FROM Nate Anderson
Are 'Dark Networks' a Threat or a Haven Online? Revelations about the government’s electronic surveillance have raised alarms about privacy. Today's Wall Street Journal reports that the National Security Agency’s capacity is even broader than has reported before—enabling it to reach " roughly 75% of all US Internet traffic ."Is there any way to use the Internet secretly? Yes, there is. It's the Darknet, available through software that allows anonymous browsing—and, increasingly—provides opportunities for organized crime. On Silk Road, for example, customers can find LSD, cocaine and heroin as if they were shopping on Amazon — anonymously. Why hasn't the government cracked down? Are there legitimate reasons for Internet users to conceal their identities?
Why Don't Facts Matter? "Fake News" may have a long history, but social media and 21st Century politics have brought it front and center. One reason for its appeal and its power is the tendency of so many people to cling to their beliefs — even when confronted with contradictory evidence. Today, another look at the Emotional States of America.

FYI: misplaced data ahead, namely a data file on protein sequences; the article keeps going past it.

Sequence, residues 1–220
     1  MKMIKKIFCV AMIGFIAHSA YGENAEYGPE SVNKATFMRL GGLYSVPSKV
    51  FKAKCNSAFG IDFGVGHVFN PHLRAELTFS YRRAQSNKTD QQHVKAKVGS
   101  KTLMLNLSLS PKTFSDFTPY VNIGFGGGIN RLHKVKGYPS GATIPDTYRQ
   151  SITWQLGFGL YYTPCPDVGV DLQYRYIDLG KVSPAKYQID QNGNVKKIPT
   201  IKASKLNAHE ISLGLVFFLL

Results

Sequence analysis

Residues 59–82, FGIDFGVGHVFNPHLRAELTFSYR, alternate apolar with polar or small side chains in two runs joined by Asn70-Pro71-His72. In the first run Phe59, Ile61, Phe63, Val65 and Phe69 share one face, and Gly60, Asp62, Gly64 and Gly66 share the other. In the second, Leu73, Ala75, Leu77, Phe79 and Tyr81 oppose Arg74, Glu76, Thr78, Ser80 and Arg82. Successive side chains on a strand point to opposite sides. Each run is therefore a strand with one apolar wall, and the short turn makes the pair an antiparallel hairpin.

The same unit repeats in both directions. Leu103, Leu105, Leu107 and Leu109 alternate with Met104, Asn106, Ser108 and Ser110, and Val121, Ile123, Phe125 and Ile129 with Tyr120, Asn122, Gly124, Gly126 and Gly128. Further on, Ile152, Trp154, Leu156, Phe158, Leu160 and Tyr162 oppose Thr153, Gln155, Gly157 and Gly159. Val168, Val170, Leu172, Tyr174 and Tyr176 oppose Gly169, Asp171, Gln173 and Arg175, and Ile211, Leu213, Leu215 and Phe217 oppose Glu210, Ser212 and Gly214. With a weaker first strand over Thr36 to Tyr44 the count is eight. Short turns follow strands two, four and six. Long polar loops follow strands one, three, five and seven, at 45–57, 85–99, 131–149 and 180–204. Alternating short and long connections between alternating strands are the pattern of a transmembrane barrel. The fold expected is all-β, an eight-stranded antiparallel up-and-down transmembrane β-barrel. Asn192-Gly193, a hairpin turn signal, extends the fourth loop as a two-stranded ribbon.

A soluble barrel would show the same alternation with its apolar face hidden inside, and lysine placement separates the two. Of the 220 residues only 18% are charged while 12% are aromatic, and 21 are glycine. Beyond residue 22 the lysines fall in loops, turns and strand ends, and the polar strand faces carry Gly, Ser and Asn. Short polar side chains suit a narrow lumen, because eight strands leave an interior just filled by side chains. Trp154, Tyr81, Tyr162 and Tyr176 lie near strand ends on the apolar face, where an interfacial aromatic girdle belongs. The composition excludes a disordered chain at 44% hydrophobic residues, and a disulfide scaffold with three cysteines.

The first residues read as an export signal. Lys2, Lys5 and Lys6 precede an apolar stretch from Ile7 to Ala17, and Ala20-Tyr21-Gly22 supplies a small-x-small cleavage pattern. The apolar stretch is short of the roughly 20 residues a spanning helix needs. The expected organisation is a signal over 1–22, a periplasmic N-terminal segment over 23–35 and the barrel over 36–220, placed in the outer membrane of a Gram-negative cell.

In Janesville, WI, Middle America meets the new American dream Janesville, Wisconsin is the hometown of Republican House Speaker Paul Ryan. But he couldn't prevent the closing of the General Motors factory after 100 years. We hear what's happened to what once was a model of American middle-class unity.
After Syria strike a new Trump doctrine emerges The President who promised an end to entanglements in the Middle East and snuggled up to Vladimir Putin has now outraged Russia with surprise missile attacks on Syria. That's raised questions about who's running the White House? We hear a variety of answers.